See more from this Session: Symposium--the Solar Corridor Concept
Monday, October 17, 2011: 9:20 AM
Henry Gonzalez Convention Center, Room 214C, Concourse Level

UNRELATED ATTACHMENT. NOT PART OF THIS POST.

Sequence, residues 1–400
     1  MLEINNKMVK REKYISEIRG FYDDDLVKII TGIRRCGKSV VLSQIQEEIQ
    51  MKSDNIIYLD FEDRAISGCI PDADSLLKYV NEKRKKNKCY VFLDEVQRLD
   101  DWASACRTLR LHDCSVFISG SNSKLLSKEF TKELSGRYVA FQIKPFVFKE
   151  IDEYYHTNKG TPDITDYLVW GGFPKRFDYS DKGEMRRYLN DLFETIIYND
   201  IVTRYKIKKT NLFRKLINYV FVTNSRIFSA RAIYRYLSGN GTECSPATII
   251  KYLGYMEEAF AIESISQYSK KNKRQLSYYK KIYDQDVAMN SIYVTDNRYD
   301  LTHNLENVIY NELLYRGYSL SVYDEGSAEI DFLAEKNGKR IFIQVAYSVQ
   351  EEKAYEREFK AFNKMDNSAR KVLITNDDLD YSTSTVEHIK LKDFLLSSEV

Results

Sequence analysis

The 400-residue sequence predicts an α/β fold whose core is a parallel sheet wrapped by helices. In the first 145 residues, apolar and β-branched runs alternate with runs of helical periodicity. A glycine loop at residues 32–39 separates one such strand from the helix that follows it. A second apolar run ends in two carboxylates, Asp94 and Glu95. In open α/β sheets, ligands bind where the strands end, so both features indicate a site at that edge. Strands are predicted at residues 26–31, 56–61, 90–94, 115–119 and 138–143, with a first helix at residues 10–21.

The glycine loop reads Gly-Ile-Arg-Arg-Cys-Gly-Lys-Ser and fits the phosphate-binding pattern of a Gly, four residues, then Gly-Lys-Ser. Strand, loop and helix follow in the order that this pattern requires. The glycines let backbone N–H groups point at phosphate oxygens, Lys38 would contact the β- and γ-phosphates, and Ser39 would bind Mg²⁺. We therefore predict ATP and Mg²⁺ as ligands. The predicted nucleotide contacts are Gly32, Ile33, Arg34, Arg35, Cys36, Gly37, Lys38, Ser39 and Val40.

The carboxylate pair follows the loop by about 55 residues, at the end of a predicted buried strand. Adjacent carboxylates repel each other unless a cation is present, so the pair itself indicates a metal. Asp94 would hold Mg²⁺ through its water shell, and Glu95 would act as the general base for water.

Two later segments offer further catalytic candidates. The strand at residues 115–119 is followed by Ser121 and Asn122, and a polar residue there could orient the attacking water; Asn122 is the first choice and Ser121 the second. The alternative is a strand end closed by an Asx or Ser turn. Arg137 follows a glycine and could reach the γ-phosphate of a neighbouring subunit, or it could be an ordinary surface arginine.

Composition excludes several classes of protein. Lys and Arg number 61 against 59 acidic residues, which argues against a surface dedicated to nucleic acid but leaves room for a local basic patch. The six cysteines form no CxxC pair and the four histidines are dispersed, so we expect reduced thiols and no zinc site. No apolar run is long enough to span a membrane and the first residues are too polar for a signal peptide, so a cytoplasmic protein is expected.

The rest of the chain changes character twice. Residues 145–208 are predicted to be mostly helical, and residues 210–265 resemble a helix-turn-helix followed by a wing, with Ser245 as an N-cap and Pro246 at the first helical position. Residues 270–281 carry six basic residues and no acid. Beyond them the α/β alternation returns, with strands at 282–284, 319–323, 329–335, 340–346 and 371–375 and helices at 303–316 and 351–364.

The solar corridor concept has utilized wide-row corn and reduced seeding rates in order to maximize photosynthesis of the lower leaves of corn (Zea mays L.) and maintain the yield potential of the crop. Seeding rates for corn have typically increased and row spacing decreased for early canopy development in order to maximize light interception and reduce interference from weeds. Seeding rates have increased as hybrids are more tolerant to environmental stresses such as drought. Rapid canopy closure is beneficial to reduce weed interference as part of an integrated weed management system in crops to reduce herbicide applications and costs. However, wide-rows are desired for disease management in some instances. Relay-intercropping within the solar corridor may be an option; however, crop management and harvest considerations need to be taken into account in order for the system to be economically viable. Research conducted in 2005, 2006, and 2011 evaluated corn hybrid response in 76- and 152-cm (solar corridor) row spacings. Grain yields were similar between row spacings in 2005, but yields were 2790 kg ha-1 greater in 76-cm rows compared to 152-cm wide rows in 2006. There has been interest in twin-row corn production in the solar corridor system and results with twin-row production will be discussed. Some of the current challenges that have been encountered with the solar corridor will need to be addressed for the system to be consistent and successful in upstate Missouri.